"Everything that is really great and inspiring is created by the individual who can labor in freedom" Albert Einstein

"A dame who knows the ropes isn't likely to get tied up." Mae West

Thursday, July 22, 2010

The joys of being an amblyope

In my latest meme I mentioned that I was an amblyope and many readers seem fascinated by the fact.  According to wikipedia, only 1-5% of the population has it.  I guess that makes me special.  Amblyopia has nothing to do with Opie Taylor walking down a country road in Mayberry.

My left eye sees things but it's just lazy, and you know when there's work to be done and something is lazy, something else comes in and takes over, i.e. the right eye.

As a child, if I covered my right eye, it seemed as though the images seen with the left eye would get darker and certainly blurry.  I was forced to wear an eye patch when reading or watching TV and it was so annoying it ruined the pleasure.  My family even had to take speech lessons to understand me.  After several years, the problem remained and the patch was thrown away.

It wasn't until I was in mid-life and became good friends with my optometrist, that I learned more about my condition and finally had an explanation about parts of my life.

Now I know why I could never hit a moving target, be it a baseball, tennis ball, badminton birdie - I have no depth perception.  I'm not sure what the excuse is for a stationary golf  ball, but after 2-3 hours of 30 strokes per hole and the ball still sitting on the tee, I gave up on that too.  At least I finally had an excuse for being the last pick in gym class.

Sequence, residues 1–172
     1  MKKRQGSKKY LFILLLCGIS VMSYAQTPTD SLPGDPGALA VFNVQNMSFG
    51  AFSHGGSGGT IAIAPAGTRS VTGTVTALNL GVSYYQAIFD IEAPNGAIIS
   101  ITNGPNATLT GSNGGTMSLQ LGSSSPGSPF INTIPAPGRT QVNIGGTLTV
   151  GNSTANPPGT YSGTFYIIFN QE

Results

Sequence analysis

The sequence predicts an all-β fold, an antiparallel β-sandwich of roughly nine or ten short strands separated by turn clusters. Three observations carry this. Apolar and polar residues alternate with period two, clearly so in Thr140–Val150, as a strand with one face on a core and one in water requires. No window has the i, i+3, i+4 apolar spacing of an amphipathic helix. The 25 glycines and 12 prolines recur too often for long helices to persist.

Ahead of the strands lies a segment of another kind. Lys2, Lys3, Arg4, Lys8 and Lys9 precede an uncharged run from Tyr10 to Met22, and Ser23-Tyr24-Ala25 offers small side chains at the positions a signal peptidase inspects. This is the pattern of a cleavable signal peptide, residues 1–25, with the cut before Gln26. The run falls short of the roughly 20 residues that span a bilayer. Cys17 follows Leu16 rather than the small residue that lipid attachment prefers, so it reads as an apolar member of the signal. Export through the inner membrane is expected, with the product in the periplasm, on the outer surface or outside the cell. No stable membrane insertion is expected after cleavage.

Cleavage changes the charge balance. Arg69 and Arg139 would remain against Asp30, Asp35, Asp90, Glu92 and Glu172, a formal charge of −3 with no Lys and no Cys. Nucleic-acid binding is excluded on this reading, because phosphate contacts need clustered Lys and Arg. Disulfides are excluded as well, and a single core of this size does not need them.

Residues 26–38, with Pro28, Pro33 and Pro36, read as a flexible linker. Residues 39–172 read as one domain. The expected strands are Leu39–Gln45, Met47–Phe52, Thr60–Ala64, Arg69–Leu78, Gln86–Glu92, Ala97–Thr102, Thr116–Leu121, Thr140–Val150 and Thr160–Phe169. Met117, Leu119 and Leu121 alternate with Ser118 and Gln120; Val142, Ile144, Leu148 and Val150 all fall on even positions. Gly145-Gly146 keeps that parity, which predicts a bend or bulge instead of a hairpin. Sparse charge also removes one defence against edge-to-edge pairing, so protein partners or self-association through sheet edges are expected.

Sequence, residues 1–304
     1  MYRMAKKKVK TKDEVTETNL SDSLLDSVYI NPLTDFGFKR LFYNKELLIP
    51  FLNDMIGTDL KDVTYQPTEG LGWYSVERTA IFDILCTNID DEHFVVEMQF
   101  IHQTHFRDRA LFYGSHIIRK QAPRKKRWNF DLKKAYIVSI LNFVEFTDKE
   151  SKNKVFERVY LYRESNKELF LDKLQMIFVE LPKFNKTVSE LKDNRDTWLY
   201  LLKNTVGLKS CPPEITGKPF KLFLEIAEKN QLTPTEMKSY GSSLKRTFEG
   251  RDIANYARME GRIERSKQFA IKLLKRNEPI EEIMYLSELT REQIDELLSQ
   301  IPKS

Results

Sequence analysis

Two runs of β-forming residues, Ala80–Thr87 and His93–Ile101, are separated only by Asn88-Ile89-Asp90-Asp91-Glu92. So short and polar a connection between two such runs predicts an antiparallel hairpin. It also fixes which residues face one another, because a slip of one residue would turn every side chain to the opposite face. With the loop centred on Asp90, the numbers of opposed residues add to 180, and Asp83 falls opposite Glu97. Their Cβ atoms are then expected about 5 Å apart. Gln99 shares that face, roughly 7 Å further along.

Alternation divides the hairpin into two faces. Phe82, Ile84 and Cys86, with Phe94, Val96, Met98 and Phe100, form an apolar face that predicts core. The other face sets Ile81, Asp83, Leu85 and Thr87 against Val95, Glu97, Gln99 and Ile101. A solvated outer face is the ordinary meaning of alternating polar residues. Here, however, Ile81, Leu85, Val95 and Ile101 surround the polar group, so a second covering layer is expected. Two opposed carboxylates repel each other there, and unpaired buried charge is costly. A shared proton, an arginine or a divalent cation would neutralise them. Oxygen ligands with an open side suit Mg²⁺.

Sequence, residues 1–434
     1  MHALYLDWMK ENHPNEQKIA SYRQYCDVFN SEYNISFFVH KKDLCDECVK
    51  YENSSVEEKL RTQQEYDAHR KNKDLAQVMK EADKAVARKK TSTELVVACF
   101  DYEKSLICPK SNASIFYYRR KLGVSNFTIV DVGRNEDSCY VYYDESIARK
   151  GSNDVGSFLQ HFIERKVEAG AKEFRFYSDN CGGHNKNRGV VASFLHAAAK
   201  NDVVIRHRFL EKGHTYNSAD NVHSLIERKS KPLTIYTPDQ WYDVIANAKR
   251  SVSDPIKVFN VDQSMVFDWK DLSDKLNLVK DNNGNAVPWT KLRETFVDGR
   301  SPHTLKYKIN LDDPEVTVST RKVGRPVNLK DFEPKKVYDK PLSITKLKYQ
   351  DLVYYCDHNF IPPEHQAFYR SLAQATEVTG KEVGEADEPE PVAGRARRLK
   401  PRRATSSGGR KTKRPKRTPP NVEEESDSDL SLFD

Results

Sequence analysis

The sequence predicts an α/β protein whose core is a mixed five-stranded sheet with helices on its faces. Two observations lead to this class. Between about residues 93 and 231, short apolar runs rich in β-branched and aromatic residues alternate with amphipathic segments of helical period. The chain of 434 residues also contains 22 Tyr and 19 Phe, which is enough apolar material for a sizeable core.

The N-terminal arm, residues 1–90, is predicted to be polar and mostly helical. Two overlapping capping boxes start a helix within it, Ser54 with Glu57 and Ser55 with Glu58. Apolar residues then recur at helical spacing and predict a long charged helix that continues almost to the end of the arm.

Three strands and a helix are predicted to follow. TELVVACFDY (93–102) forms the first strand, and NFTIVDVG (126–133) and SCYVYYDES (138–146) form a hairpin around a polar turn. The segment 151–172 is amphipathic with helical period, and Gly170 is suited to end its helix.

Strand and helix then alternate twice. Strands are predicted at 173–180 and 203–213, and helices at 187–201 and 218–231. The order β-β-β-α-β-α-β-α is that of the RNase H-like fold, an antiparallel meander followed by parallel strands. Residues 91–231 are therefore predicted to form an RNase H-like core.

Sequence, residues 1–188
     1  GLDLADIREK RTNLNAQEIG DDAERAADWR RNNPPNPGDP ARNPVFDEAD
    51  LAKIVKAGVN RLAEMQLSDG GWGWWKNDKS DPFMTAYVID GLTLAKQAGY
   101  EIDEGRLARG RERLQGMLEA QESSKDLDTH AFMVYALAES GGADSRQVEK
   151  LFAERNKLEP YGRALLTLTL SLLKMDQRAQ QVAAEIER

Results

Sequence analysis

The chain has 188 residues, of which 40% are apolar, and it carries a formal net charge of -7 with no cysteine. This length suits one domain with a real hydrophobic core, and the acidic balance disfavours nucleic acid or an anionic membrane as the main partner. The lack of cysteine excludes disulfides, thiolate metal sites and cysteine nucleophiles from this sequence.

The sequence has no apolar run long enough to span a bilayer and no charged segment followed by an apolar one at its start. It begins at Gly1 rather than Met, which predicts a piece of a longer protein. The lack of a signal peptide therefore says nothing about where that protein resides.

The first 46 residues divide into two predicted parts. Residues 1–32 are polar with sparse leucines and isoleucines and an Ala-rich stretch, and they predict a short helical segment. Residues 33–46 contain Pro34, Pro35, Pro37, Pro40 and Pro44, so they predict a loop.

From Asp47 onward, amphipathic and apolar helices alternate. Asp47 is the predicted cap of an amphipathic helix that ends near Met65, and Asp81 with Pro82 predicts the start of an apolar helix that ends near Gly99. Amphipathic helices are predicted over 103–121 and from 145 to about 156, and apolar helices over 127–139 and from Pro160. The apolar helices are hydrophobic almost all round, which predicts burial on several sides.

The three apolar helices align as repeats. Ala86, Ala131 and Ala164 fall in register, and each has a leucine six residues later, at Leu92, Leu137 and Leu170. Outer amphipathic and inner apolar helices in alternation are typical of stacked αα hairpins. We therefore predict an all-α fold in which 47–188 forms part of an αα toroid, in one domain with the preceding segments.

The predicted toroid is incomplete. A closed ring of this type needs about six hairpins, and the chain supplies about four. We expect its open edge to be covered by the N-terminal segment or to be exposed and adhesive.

So how does one survive without depth perception? It's easy; my brain has adapted.  I do have perspective, so I can tell objects are far away because they are smaller. I've never really known what 3-D looks like. As a result, that explains why I could do well at bowling and archery since I could focus on a distant stationary target.

I can also parallel park, but for me objects are actually farther than they appear to be so there is always plenty of room for maneuvering in the spots I choose. But when I'm a passenger and someone else is parking, I cringe, shut my eyes, and get ready for the inevitable crunch (which never happens) against another vehicle. The parking space always looks too darn small.

I remember a family vacation when I was young where we were all excited about going to see a 3-D movie.  I put on the special glasses and all I could see were red and blue double images that drove me crazy.  I saw the same thing without the glasses.

"Didn't you see that arm reach out of the movie screen and almost touch you?"

"Nope. And I'm getting a headache so get me out of here." Whiners always ruin the fun for others.

What is weird is that I think three dimensionally.  When looking at photographs or blue prints, I can visualize the space and understand the dimension and volume in my mind, more so than most people do. Perhaps it's because two dimensions is my reality.

The only real problem I have with amblyopia is being beaten up all the time.  My left side is always bruised and sore from door jambs and table corners jumping in front of me.